We aren't all successful theater directors like Charlie (Adam Driver), but we are obsessed with our own success and driven by our work. We aren't all married to Nicole (Scarlett Johansson), a once famous-ish young actress from a successful teen movie, but we may very well feel trapped in a life of the things we never explored. And we probably couldn't afford lawyers like Nora Fanshaw (Laura Dern) or Jay Marotta (Ray Liotta). Dern and Liotta steal one scene together that is simply a powerhouse of character acting, vicious, funny, and, like most things in this film, true.
We might need, and probably should hire, more of a Bert Spitz (Alan Alda), someone willing to admit the nastiness of divorce proceedings in kindness, but we are children of divorce and sadness or we may be divorced ourselves, and/or we've fought with our spouses and we know how real it feels when we're staring at the end of something so special, losing sight of it, finding it again, allowing ourselves to feel pain because the love on the other side is/was/has been so good. At one point, in the performance of the year, Driver, as Charlie, sings those lines from Sondheim's "Being Alive" (from the musical Company), and we are moved by the need of a song to soothe us, or to help us let it all out, or in, and that all the regret would be worth it.
Nicole is a good mother but wants the freedom to grow professionally, a certainly common story. In her performance, we see moments highlighting the divide between regret and resolve. We see the difficulty in a marriage's give-and-take and fully realize that we often feel as if we are holding back to give to our partner and vice versa. Johansson is being undersold here. She is vital to the movie's success and great with Driver. Nicole's side of the story draws us into the often unnoticed power-dynamic in marriages that favors the man (in this and most cases), as Dern's character rants: "So, you have to be perfect, and Charlie can be a fuck up and it doesn't matter. You will always be held to a different, higher standard. And it's fucked up, but that's the way it is."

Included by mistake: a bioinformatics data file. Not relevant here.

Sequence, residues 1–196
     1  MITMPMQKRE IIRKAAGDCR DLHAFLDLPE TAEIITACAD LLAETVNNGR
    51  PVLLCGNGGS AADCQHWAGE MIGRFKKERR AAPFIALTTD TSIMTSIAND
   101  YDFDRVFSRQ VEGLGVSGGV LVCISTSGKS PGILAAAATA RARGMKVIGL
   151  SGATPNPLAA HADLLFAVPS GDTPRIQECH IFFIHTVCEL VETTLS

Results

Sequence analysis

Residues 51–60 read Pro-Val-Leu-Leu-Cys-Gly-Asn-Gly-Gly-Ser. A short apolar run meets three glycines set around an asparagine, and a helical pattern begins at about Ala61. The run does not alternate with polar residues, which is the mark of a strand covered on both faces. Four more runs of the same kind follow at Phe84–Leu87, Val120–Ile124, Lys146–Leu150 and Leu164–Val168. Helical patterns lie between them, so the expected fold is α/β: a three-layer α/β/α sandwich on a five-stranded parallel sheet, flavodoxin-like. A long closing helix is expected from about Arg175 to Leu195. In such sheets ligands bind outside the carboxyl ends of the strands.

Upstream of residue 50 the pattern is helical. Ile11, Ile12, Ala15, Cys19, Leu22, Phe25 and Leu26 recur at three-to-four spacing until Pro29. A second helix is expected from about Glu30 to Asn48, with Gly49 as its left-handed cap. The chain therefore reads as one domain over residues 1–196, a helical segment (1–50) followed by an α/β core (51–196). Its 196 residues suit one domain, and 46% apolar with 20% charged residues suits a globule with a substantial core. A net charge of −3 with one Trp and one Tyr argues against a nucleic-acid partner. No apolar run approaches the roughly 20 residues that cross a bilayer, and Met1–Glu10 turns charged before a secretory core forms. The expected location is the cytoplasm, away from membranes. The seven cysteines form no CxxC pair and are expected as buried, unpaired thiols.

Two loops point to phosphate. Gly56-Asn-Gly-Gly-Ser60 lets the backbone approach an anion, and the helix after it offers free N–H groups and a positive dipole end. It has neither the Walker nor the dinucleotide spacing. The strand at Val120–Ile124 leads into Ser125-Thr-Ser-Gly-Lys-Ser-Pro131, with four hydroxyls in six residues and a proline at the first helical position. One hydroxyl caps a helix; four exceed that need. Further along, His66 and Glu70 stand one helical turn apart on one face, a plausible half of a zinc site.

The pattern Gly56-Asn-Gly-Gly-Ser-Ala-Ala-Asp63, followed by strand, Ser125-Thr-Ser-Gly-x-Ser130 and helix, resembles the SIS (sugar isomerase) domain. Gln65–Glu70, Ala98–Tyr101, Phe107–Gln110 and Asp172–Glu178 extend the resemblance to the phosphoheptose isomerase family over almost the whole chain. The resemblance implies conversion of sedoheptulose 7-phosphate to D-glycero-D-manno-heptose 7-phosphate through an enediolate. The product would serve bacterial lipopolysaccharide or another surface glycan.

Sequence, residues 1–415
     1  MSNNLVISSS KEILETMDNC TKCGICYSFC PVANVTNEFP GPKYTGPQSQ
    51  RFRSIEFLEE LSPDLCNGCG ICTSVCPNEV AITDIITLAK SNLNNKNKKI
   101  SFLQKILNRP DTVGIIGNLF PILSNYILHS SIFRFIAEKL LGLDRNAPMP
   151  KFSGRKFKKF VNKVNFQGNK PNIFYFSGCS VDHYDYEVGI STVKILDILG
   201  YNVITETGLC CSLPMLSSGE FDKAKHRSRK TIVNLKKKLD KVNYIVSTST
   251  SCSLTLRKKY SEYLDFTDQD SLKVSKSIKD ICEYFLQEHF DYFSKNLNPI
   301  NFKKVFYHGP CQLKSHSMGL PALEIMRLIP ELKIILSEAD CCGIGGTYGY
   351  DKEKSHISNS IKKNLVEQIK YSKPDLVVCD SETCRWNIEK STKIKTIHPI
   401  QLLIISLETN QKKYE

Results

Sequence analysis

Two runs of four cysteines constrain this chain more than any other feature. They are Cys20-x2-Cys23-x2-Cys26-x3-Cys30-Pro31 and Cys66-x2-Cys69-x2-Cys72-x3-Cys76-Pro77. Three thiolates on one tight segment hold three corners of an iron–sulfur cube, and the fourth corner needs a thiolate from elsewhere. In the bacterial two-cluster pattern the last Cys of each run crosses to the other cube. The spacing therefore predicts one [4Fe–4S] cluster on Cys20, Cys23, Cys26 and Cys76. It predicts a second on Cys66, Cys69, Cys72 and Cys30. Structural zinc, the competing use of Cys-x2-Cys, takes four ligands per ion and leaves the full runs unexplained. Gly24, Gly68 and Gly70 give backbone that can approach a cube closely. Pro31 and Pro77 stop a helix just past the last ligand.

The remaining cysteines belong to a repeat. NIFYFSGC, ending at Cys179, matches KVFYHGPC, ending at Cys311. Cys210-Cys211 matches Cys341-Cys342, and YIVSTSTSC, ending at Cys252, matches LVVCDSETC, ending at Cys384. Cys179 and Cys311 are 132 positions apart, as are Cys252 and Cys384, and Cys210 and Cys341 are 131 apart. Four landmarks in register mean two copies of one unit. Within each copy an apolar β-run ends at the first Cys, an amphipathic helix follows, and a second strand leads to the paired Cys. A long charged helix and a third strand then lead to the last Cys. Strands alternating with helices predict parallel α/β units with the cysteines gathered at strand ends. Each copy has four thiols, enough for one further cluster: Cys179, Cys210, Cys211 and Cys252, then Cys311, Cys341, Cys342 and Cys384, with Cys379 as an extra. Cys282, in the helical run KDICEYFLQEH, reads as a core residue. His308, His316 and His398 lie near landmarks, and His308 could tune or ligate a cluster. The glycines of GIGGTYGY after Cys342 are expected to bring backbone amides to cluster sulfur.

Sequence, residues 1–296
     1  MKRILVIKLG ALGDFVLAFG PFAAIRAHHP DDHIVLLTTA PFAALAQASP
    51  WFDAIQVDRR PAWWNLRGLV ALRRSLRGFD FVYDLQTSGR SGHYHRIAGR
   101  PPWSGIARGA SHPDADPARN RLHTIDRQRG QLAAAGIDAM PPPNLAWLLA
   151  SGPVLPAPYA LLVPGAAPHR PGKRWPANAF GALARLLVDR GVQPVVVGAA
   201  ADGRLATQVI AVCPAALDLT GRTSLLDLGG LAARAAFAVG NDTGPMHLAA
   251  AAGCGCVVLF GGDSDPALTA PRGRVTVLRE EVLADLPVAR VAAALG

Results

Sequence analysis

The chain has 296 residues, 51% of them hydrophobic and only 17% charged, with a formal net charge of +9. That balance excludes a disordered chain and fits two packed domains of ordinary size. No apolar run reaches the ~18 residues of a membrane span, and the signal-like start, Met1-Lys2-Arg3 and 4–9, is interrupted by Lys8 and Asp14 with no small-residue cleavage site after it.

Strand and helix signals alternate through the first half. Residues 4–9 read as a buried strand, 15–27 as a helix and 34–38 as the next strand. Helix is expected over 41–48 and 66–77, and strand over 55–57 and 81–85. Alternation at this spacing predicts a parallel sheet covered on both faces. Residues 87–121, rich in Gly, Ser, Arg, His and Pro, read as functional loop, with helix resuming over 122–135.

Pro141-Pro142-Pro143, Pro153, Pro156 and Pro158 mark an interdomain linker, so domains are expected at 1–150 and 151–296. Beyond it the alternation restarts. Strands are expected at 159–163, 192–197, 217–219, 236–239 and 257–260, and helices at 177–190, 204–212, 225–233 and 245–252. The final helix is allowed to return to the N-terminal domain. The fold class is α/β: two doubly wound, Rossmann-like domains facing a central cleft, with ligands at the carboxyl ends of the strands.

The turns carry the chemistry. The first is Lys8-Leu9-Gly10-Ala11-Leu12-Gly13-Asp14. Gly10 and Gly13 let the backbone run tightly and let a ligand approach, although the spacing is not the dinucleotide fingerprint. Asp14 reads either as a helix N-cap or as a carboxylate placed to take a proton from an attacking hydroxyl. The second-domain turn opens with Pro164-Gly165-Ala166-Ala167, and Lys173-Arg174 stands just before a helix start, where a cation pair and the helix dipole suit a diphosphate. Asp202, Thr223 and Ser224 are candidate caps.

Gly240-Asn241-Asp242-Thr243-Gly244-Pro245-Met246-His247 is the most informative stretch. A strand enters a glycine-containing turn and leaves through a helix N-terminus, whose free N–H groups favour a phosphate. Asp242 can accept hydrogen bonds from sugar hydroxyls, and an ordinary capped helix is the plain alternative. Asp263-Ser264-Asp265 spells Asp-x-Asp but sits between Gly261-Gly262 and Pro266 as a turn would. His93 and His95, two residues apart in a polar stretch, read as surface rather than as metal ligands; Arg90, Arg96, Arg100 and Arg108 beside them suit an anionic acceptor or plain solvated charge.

Baumbach's film invites us into the intimacies of Charlie and Nicole, and their son Henry, warmly. It lets us feel and react to every turn in its central tension, a divorce between two good people. It comments certainly on what the process of divorce does to people who should be focused on being less self-involved, present, better parents (they can hardly deal with their son's struggles with reading), lovers, people. But there's a good reason this film is not called Divorce Story. It's because of Baumbach's touch as a writer and director, his camera solemnly observant in this case, less active and stylish than in this film's clear spiritual prequel, the 2005 "divorce story" from the child's perspective, Baumbach's "The Squid and the Whale. It lets us into moments of love so perfectly placed that we would just as soon forget all that just to remember that all of it is simply, well, "being alive."
There are detractors, to be sure, people finding Driver's performance and one particular fight scene unrealistic. How lucky are those people! But, still, I wonder how many of them (us) are living with fist-size holes in our walls. I wonder how many of us have begged for forgiveness on our knees, weeping. I wonder how many of us realize that the sort of love that brings us to the sort of emotional highs and lows of Charlie and Nicole is what it's all about.
In all the complication, it's simple really: Marriage Story is the best movie of the year.